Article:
Quality assurance of occupational learning programmes ensures the predictability and repeatability of processes under the organisation's control against the strategic criteria in the quality management system (Vorwerk, 2010). It is largely an issue of quality control (DHET, 2010). In the Indian context, the quality of apprenticeship training is only as good as the skills of the master and their willingness and ability to pass on those skills (Palit, 2009). To this end, quality- must permeate every aspect of an occupational learning programme, if such a programme is to succeed.

Learning programme specifications

This element focuses on the way an occupational learning programme is structured. Typically, an occupational learning programme contains three core aspects, namely knowledge and theory, practical skills and work experience (DHET, 2010; DoL, 2008b). The knowledge and theory component comprises various subject specifications (QCTO, 2011). Knowledge here refers to discipline or conceptual knowledge (including theory) from a recognised disciplinary field found on subject classification systems, such as the Classification of Educational Subject Matter (CESM), which an individual has to have in order to perform proficiently the tasks identified in the occupational profile. The knowledge identified is frequently common to a group of related occupations at the same level in the same National Occupational Pathway Framework (NOPF) family, and the level of knowledge to be covered will be built on the knowledge base held by those entering from lower level occupations within the relevant NOPF family (QCTO, 2011). The subjects specifications are developed by educationists based on inputs from expert practitioners and are packaged as standardised courses to enable providers to plan their delivery and access standardised funding.

The practical skills component derives from the roles to be performed (QCTO, 2011). It comprises various practical skill module specifications. Practical skills are defined as the ability to do something with dexterity and expertise. Skill grows with experience and practice, and can lead to unconscious and automatic actions. Practical skills are more than just the following of rule-based actions and include practical and applied knowledge (QCTO, 2011). The purpose of practical skills training is to develop the needed skills (including applied, practical and functional knowledge) to operate safely and accurately in the actual working environment (so as not to cause damage to people, equipment, systems and the business).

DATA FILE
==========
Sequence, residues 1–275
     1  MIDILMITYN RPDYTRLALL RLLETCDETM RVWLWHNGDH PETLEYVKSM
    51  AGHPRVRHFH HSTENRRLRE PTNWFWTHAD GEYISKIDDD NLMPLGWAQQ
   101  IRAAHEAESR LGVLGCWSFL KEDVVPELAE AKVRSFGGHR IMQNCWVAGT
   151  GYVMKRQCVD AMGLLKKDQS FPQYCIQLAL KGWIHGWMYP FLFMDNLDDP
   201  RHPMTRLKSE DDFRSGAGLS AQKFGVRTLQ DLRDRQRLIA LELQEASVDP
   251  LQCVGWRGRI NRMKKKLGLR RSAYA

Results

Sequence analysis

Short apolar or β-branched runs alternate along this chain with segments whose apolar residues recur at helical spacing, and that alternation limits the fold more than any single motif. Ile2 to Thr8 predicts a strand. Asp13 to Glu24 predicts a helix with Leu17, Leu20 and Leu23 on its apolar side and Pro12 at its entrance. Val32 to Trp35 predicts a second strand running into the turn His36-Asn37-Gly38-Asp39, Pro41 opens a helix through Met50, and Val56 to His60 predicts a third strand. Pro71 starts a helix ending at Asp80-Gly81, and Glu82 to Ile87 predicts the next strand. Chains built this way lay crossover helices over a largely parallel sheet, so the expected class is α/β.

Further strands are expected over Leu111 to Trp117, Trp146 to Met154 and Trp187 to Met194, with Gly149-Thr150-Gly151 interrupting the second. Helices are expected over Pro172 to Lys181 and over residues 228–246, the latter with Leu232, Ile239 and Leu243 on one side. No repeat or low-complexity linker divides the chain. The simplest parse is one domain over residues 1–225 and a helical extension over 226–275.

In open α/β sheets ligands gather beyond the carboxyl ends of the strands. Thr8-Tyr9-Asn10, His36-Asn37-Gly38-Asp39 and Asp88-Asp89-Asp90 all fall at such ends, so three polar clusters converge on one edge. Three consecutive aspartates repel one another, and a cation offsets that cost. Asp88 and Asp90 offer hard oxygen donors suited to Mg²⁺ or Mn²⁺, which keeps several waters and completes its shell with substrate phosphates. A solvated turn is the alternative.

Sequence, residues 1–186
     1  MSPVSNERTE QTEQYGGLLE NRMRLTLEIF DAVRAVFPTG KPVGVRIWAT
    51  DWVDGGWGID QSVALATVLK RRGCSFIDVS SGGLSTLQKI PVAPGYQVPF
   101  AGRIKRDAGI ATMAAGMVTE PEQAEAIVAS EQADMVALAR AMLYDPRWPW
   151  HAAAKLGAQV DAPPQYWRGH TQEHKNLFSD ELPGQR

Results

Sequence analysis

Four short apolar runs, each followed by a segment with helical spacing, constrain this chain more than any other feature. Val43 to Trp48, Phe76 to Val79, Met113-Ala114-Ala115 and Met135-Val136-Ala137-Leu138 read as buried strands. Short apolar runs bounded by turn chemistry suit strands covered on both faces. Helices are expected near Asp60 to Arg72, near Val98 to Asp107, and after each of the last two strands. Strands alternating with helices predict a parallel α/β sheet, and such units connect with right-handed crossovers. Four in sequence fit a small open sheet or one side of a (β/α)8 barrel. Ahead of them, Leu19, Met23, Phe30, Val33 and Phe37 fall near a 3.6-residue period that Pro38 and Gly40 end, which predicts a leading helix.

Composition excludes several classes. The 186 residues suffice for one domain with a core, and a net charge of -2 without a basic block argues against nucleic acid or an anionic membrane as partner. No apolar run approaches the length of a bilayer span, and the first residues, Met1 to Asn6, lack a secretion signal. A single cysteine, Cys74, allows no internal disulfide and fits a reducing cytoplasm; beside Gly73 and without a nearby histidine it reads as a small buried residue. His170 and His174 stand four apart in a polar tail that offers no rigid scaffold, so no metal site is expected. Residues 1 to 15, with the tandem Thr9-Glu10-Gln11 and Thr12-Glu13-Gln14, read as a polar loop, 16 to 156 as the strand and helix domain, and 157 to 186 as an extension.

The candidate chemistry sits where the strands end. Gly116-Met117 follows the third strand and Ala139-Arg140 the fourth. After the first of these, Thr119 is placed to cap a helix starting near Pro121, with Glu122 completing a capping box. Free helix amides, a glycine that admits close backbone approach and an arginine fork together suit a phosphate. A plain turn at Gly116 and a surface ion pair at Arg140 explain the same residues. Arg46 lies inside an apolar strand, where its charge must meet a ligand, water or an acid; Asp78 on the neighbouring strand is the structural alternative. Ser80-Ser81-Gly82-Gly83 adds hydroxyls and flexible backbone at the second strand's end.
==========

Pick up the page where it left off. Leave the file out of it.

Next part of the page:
Practical skills are, therefore, mostly developed in a safe, simulated environment (such as a workshop) in preparation for actual work (QCTO, 2011). The module specifications are developed by expert practitioners and trainers based on the practical skills (including the applied, practical and functional knowledge) required to execute the occupational responsibilities, in terms of the tasks identified in the occupational profile (QCTO, 2011).

Work experience is defined as the exposure and interactions required to practise the integration of knowledge, skills and attitudes required in the workplace. Work experience includes the acquisition of contextual or in-depth knowledge of the specific working environment. The work experience module specifications are developed by expert practitioners, based on the work experience activities required within the specific occupational context in terms of the tasks identified in the occupational profile. Work experience modules will be reflected as work experience unit standards in the occupational qualification (QCTO, 2011). The purpose of work experience is to structure the experiences and activities (including contextual knowledge) to which the learner needs to be exposed in order to become competent in the relevant occupation.